0290919190
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  • AID0290919190
  • DOI10.1093/oxfordjournals.aob.a085618

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Article

Anatomy of watermelon embryo sacs following pollination, non-pollination or parthenocarpic induction of fruit development

, Sedgley M.
5
Sedgley M.
Scientists

Annals of Botany
527
Annals of Botany
Журнал с антэкологическими публикациями.
Oxford University Press · office@annbot.com

, 1979. V. 43. No. 2. P. 141–146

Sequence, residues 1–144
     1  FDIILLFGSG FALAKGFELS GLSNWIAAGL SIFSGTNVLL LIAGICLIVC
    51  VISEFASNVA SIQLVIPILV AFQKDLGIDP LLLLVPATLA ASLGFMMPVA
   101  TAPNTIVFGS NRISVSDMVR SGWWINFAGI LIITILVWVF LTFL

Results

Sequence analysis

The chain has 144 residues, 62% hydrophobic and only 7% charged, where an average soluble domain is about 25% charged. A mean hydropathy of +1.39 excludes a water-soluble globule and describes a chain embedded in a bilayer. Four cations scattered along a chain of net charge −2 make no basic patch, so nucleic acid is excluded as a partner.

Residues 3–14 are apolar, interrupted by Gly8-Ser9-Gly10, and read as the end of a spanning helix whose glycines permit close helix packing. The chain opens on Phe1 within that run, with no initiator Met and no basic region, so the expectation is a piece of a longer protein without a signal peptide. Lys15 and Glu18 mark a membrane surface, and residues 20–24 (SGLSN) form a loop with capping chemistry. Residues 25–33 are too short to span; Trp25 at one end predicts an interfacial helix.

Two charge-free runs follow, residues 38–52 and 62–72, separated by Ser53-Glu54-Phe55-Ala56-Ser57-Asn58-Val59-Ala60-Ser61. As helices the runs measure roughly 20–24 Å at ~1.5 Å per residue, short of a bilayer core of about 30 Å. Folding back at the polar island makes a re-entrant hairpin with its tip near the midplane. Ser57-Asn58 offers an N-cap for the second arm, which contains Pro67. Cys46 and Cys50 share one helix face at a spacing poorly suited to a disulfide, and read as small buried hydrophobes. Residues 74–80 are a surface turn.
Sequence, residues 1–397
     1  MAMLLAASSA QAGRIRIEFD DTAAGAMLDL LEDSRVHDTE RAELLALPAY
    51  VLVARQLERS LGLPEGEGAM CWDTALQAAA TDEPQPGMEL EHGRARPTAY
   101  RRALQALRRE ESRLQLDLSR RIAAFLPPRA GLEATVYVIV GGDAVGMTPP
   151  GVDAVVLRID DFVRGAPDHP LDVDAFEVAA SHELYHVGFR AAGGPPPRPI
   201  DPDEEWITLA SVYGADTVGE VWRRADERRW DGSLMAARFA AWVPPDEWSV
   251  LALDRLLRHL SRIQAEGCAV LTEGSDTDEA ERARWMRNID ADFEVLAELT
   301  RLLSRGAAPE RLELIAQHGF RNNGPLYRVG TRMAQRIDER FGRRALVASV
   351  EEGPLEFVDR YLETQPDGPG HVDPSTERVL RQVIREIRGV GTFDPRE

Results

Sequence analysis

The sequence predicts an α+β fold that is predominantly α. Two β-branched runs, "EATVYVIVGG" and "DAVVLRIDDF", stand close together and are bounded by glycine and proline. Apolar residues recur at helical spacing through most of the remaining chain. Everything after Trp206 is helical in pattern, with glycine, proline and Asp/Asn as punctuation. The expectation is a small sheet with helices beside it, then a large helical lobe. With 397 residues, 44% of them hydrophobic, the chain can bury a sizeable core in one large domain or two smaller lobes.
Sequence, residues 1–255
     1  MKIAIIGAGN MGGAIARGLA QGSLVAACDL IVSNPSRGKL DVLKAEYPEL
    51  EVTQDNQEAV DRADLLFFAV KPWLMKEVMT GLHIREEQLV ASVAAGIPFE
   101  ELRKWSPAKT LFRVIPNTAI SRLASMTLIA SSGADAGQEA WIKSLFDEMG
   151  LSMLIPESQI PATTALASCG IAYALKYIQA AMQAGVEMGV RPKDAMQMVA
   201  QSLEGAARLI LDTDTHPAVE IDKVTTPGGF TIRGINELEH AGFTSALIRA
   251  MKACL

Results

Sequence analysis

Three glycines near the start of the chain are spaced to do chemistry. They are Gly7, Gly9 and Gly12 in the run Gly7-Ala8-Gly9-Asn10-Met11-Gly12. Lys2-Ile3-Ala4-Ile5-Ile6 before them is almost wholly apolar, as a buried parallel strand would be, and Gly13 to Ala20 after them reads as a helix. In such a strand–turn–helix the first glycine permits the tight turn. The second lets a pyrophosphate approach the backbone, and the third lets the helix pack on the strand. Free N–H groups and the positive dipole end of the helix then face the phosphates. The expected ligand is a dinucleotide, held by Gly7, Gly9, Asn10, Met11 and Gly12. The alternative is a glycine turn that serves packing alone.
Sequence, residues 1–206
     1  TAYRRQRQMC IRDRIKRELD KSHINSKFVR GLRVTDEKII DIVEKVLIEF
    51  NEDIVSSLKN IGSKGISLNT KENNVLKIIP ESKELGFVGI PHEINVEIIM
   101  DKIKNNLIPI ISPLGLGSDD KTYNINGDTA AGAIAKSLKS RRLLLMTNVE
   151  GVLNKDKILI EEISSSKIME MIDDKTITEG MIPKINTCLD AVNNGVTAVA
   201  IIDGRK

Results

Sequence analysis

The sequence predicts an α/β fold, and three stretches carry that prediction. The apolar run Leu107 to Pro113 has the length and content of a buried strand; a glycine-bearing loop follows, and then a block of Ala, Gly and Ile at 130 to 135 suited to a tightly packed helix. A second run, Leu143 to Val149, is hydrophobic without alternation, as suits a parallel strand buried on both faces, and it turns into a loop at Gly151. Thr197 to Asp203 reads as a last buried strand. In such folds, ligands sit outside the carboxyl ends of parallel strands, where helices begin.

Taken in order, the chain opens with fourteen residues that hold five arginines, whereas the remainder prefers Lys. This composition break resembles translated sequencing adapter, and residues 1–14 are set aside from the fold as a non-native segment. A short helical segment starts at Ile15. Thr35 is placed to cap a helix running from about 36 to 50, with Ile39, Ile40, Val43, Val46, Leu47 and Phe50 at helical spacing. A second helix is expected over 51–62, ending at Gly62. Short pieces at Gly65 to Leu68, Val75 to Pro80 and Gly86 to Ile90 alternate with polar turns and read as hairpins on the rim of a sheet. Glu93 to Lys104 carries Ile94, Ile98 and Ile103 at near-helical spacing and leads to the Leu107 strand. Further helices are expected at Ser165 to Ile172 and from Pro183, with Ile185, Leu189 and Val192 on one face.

There is little information on the fate of embryo sacs in plant ovules if pollination is prevented. In this study embryo sacs from watermelon were observed over a 13 day period following flowering with (a) normal pollination, (b) non-pollination and (c) induction of parthenocarpic fruit development with naphthalene acetic acid. Following pollination, and prior to fertilization approximately 2 days later, the embryo sacs completed development and consisted of two synergids with prominent filiform apparatus, an egg cell, a central cell with two polar nuclei and three antipodal cells. Sperm nuclei were observed within the embryo sac at 2 days and by 4 days the endosperm was proliferating. In the non-pollination treatment the embryo sac was still intact after 4 days although the antipodal nuclei were becoming hard to distinguish. By 7 days only the two synergids and the egg cell were still well defined, the polar nuclei appeared in some preparations to be fused, and the antipodals had degenerated. By 10 days the embryo sac was a structure-less watery mass. In parthenocarpic fruit the fate of the embryo sac was similar to that in non-pollinated fruit except that final breakdown was delayed past 10 days.Maturity of the majority of embryo sacs in an ovary appeared to be contemporaneous with penetration of the pollen tube, and on the basis of the anatomical results it seems possible that embryo sacs could be fertilized up to 2 days beyond the normal time.

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